Throughout the whole inspection, there are certain red flags to look for or areas to take a closer look at. Water damage is one thing you will want to keep your eyes open for. Water stains from a leak, either from the plumbing or outside, can be an issue.

Other red flags that are easily spotted visually include rotting wood or signs of bugs or rodents. Be sure to inspect all seals and edges closely, as well as check for cracks or sketchy repair jobs.

Some issues are bound to come up when checking out a used RV. The key point of the inspection is figuring out how serious these issues are and how difficult or expensive they are to repair.

If you see any of these red flags, try to locate the source of the issue so you can get a good sense of what is required to fix the problem.

The Complete RV Inspection Checklist

Whether you’re inspecting a 5th wheel, motorhome, or travel trailer, this RV inspection checklist covers all the necessary points that you should be looking at in your potential purchase. This RV checklist covers three areas: the exterior, the interior, and the RV’s systems.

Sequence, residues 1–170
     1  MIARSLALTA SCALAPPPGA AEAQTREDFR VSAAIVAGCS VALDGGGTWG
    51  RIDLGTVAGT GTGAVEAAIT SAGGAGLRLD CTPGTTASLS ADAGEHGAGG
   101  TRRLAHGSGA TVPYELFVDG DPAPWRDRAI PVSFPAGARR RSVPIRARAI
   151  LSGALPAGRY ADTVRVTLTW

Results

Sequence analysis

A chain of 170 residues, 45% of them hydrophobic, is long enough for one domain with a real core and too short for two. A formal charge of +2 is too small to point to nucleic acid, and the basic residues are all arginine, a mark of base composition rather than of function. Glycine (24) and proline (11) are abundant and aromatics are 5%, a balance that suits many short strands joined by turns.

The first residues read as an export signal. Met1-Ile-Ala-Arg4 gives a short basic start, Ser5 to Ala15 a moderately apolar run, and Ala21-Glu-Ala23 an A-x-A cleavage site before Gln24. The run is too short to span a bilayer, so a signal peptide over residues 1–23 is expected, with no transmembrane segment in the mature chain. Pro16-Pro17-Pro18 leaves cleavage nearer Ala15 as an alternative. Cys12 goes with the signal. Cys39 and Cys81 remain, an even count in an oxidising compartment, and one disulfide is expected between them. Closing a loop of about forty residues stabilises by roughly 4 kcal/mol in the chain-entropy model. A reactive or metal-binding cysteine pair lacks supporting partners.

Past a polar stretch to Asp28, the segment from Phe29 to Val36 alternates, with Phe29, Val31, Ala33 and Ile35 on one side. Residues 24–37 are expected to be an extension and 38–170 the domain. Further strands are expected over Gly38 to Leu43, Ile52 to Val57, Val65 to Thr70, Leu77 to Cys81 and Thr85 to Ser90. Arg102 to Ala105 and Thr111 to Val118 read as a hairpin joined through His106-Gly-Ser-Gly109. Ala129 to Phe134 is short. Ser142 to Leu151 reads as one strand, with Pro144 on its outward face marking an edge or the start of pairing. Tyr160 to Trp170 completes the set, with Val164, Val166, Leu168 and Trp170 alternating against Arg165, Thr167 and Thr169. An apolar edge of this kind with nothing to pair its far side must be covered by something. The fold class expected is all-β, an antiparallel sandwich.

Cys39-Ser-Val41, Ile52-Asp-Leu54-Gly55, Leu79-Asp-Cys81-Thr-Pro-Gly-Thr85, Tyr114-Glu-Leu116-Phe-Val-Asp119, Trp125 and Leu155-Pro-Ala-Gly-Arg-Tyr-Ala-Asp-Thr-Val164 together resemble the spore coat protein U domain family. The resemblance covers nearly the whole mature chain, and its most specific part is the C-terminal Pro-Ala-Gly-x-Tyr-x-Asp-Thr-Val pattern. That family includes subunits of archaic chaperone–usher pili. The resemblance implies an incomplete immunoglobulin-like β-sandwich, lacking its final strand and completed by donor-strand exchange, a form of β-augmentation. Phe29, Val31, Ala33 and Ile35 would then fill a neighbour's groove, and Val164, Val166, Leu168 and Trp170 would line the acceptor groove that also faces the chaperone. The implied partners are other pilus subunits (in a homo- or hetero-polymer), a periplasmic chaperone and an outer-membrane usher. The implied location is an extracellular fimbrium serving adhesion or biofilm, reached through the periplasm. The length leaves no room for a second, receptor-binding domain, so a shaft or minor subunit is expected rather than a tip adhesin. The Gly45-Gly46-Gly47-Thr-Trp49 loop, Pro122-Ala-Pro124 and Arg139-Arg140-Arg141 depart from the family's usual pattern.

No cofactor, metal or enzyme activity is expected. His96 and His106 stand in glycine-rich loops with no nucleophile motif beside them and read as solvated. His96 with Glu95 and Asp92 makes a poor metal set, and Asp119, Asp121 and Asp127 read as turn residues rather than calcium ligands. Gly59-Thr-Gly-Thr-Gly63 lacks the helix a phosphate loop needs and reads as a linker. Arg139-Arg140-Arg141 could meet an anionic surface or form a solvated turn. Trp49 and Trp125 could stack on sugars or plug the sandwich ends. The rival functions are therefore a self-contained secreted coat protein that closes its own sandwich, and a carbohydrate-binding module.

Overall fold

Inspecting the RV’s Exterior 

A man inspects behind a panel on the outside of his motorhome.
Be sure to check all panels when examining the exterior of the RV.

Start your used RV inspection by evaluating the exterior. Anything that is meant to move should be tested to make sure all hinges, slideouts, awnings, and lights are functioning properly. 

  • Windows and sidewalls: Look for cracks or discoloration and examine all the seals to make sure no moisture can enter.